Shoppers in Ottawa have headed to Farm Boy grocery stores for years, fans of its high-quality fruits and vegetables, locally produced artisanal cheeses and private-label soups and tourtières.
With Farm Boy's commitment to both local farmers and products made by local suppliers, as well as the growing line of store-brand products, the retailer has a loyal following in Canada's capital region.
Now, the chain is looking for new devotees as it brings its brand of fresh and local to the massive southern Ontario market.
Over the last two years, Farm Boy has opened stores in London, Kitchener, Brantford and Whitby.
"Each market is a little different, but at the end people want great food, great service in a friendly shopping environment," Farm Boy chief executive Jeff York said in a recent interview.
The company has avoided Toronto and its sky-high rents so far, but Mr. York has his eye on the market.
Farm Boy is working on what Mr. York is calling the chain's first "urban concept" store set to open in Ottawa later this summer with more fresh prepared food and improved options for eating it in the store. He says the smaller format amounts to a laboratory where they'll work out the design close to home before taking it to the big city.
"We'll make our mistakes in Ottawa, and once we can hone the model, we can go into Toronto and maybe pay a buck or two more in rent," he said.
In November, 2012, U.S. firm Berkshire Partners made an investment in the privately held company. While terms of the deal were not disclosed, it helped give the company access to cash and expertise to fuel its expansion.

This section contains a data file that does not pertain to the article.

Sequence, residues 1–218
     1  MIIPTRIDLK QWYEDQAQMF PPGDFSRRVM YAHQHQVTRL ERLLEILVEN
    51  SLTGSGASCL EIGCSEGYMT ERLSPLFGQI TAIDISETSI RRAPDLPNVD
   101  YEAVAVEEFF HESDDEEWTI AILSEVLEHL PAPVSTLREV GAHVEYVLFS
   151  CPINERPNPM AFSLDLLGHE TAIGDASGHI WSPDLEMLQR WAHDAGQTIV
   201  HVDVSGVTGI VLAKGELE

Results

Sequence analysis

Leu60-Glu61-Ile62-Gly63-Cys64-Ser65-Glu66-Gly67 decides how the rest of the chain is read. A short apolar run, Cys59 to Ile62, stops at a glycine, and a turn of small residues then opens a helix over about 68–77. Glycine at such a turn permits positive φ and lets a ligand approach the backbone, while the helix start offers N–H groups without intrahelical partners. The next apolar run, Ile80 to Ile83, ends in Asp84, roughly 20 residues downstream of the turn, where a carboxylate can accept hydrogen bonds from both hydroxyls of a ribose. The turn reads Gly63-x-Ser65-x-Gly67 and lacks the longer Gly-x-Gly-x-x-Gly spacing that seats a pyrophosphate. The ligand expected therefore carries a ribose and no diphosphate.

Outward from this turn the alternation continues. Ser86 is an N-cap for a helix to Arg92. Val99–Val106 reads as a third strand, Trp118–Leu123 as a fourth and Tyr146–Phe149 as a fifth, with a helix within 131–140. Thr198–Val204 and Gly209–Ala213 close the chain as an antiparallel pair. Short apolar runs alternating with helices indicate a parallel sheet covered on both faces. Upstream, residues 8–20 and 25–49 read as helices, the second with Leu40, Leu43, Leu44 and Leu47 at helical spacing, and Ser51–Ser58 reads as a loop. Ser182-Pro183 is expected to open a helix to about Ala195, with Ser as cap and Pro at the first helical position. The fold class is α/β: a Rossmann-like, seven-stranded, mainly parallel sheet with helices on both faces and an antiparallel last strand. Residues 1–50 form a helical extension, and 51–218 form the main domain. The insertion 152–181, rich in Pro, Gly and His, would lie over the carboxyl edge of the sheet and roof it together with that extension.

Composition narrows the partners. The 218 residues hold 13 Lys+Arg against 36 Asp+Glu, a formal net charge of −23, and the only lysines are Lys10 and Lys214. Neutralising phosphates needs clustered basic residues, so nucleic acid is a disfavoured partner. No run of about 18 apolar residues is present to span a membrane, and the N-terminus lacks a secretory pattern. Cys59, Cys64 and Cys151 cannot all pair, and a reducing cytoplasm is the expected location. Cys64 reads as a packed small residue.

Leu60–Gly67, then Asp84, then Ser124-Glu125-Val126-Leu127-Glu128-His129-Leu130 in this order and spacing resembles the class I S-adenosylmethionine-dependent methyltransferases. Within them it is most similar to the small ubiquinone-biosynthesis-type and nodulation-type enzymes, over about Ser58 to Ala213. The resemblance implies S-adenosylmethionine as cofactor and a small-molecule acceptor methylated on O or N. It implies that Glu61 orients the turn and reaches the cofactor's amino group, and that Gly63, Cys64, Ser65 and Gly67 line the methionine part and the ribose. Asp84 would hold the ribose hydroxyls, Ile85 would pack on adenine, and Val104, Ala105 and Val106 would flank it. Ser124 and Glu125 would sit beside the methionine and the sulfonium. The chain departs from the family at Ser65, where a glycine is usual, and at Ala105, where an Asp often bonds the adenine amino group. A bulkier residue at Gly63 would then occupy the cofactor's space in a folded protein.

When Berkshire made its investment, Farm Boy had 13 stores in Ottawa, Cornwall and Kingston. Today, the chain is set to open store No. 22 this fall in Pickering, Ont., east of Toronto.
Mr. York said his sights are set on $1-billion in annual sales in the next five to eight years, an increase that would represent a tripling of what Farm Boy does now.
Founded in 1981 in Cornwall, Ont., Farm Boy has made its name with a focus on high-quality produce, meat, bakery and prepared foods and private-label products.
Mr. York says he gets lots of ideas from U.S. chains such as Trader Joe's, Whole Foods, Fairway and Dean & DeLuca and tries to incorporate them in his stores.
Farm Boy isn't a one-stop shop, and Mr. York makes no apologies that you can't pick up your dish soap, paper towels and shampoo at the same time as you buy your carrots and bread.
"We don't want to pretend we can compete in all the different areas," he said. "We just want to fill that niche for the best fresh experience."
The grocery store business is a competitive field with major Canadian players such as Loblaw and Sobeys as well as big U.S. players including Wal-Mart and Whole Foods.
Ian Lee, who teaches strategy at Carleton University's Sprott School of Business, noted Farm Boy faces a number of hurdles, including finding prime locations that haven't already been snapped up and raising brand awareness in markets where it's not yet established.
"It's going to be a tough slog because Loblaws is formidable, Whole Foods is formidable," Prof. Lee said of Farm Boy's expansion. "Location, we know, in retail of any kind, including grocery stores, is always extremely important, so they're going to have to really spend money."
He added Farm Boy needs to be cautious in its expansion plans.
"As long as Farm Boy does a controlled, slow, incremental expansion, so that they learn from each area that they're going into, whether it is Pickering or Mississauga or Toronto or whatever, they should be OK," he said.